Chapter 10: Grieve losses to attain wholehearted parenting
This is something you hear a lot about in pre-adoption counseling. Grieve your losses. I just hadn't thought about those losses becoming apparent after our child was home. And I have felt them.
I've been sad that there are things I won't be able to share with LM about when he was a younger infant. Hurt that he'll have to deal with adoption and race issues. I struggle a bit with the changes to our lifestyle. And definitely find it painful to see him struggle to make sense of our new family and accept us as people who will love him for the rest of his days.
I was surprised to have these emotions after the long wait to bring LM home. I mean, shouldn't I be happy now that he was finally here? I was as prepared for his arrival as I could be. We knew of the challenges ahead of us. But none of them were really something we could fathom until LM was home and we were actually experiencing those challenges we had only read about. And of course, this all happened when we were completely exhausted and shell shocked at being new parents. I'm still sorting some of these emotions (and likely will do so for years to come), so it's hard to grieve something that isn't over yet. But it is helpful in at least acknowledging that these are things that hurt.
I absolutely love the grief box project idea on pg. 130. I think it's great to identify feelings and give them some tangible representation. This gives you a way to be with them and understand them, and would be especially helpful in discussing them with your child. LM is too young to do this with now, but maybe in a year?? Has anyone out there done this?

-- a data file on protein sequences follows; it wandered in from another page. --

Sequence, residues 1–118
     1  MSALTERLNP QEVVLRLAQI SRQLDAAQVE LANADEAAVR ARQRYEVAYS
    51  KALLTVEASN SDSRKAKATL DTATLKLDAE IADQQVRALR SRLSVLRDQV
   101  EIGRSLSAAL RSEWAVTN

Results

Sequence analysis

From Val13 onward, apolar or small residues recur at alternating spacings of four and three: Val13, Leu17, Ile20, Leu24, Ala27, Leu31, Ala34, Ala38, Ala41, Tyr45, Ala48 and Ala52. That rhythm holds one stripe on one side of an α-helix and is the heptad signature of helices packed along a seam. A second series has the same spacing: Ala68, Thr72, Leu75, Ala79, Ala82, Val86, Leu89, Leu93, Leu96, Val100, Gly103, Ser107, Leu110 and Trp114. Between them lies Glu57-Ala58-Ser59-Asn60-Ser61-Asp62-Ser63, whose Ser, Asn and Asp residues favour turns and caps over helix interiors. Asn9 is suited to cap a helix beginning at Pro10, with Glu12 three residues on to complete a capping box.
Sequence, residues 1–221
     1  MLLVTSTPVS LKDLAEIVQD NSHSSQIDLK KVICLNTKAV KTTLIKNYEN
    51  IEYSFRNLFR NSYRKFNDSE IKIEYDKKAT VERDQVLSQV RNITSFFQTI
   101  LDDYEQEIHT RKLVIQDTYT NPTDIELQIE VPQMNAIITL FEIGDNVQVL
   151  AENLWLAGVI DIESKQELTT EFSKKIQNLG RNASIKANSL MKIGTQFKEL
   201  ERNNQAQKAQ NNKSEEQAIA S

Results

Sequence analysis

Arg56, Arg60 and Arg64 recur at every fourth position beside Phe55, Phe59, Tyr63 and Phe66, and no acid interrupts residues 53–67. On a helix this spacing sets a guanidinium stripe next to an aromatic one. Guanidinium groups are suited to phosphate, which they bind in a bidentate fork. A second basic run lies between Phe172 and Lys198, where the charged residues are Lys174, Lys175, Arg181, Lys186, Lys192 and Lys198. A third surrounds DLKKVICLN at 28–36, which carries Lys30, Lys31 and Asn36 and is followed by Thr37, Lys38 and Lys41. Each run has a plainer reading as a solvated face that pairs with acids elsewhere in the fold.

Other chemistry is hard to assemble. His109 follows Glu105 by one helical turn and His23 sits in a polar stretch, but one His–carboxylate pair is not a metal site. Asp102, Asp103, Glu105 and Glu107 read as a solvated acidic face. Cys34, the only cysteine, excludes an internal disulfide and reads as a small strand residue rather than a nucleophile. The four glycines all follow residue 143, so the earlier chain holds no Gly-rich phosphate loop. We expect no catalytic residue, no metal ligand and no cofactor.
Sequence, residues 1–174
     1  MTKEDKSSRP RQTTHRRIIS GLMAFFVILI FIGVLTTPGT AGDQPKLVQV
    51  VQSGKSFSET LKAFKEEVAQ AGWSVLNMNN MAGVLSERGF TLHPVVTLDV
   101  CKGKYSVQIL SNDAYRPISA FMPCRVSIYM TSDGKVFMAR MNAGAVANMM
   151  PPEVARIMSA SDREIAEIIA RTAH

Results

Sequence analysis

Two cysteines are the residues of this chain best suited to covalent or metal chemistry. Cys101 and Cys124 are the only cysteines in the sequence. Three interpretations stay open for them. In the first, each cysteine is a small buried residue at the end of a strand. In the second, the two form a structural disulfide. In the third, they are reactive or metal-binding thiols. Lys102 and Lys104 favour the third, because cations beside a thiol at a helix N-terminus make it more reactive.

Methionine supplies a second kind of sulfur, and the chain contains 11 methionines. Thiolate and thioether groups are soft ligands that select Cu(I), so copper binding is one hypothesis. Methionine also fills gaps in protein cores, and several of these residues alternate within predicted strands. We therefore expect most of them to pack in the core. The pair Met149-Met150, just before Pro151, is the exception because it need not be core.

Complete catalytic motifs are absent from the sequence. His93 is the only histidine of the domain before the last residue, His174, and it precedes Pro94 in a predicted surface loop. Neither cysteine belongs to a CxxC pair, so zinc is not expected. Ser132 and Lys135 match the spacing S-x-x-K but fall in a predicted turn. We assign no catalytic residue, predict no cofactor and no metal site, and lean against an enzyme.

Chapter 11: Give the gift of "what is so"
Love this. I'm a big believer in it. But it's hard to put into practice because you just want to make things better for people when they are hurting, and especially for your child. Things are what they are, and that's not always how you want them to be. A life-long lesson for everyone, really. Adoption isn't something you fix or make better for your child. It's part of the story of their life, good and bad. Helping them to learn that there are things in life that are the way they are is a powerful lesson.
I particularly loved this:
"This parent doesn't define the child or family by the wound [adoption], but sees it as a single thread in the tapestry, a thread that will add depth to the family's design."
Chapter 12: Learn about and link to your child's basic emotions
Developing intimacy with our children is something I know most biological parents don't really contemplate. I recently talked about this with my mother-in-law, who parented three biological children. She said she had never thought about this before. She just had her children and they responded to her. They did not know another way.
But adoptive children do. They knew other caregivers and know the pain of losing them. So I think they really choose whether or not to be intimate with you. And building that trust to lay a foundation for intimacy is a struggle. Especially with older children who have such a strong memory of loss. And this memory does not fade quickly.
Eldridge cites from the book Learning the Dance of Attachment by Holly van Gulden and Charlotte Vick,
"The shared experience of brief, positive interaction is the cement that emotionally binds the caregiver and child. Like the intimate eye gazing of this stage and of adults in loving relationships, positive interactions are brief, lasting seconds, not minutes."
This is true for us. Some days, I have just mere seconds when this curious and active boy slows down enough to look me in the eyes and make a real connection. This relationship is being built one glance at a time, one hug at a time. LM deserves to take things slow and on his terms. These things take time.
On to chapters 13, 14 & 15 for next week!